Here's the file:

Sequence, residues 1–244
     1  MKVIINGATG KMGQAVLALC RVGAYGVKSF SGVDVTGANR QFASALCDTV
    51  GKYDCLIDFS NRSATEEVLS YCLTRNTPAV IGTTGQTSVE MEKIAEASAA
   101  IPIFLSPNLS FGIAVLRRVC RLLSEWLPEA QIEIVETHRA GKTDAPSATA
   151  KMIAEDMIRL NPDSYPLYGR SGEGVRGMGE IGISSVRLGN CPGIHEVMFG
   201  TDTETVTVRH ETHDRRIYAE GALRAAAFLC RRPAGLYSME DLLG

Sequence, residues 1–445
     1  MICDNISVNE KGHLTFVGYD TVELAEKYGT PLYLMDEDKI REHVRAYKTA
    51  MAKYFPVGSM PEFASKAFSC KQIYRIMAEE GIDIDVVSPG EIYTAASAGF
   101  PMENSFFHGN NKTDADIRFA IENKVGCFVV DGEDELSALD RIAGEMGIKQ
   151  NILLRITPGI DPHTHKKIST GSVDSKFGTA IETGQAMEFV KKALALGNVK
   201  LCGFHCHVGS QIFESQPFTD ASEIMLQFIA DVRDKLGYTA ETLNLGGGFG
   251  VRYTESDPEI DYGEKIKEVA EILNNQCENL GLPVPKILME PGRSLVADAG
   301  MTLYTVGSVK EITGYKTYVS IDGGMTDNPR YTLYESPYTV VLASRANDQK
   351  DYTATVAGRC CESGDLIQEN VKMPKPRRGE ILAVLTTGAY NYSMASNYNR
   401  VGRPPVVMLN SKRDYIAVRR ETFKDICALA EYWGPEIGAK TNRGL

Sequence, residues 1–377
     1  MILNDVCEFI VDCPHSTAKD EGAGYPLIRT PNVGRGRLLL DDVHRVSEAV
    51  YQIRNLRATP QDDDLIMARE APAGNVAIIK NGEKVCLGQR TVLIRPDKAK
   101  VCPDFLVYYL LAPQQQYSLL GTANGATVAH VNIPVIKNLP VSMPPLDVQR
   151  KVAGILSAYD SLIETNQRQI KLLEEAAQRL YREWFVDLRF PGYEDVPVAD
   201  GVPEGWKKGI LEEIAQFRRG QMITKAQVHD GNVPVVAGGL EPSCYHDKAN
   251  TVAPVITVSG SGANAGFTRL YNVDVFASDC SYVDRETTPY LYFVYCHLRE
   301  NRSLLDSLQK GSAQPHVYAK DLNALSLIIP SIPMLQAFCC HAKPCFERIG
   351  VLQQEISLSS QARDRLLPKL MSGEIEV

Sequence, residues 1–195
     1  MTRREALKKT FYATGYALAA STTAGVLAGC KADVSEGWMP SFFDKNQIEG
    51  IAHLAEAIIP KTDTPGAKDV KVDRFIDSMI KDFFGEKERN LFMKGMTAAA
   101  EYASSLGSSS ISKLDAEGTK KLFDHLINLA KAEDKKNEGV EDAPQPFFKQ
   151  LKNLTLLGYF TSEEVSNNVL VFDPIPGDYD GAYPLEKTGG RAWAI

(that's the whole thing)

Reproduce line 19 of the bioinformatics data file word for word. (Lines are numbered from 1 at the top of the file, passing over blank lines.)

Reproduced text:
    51  YQIRNLRATP QDDDLIMARE APAGNVAIIK NGEKVCLGQR TVLIRPDKAK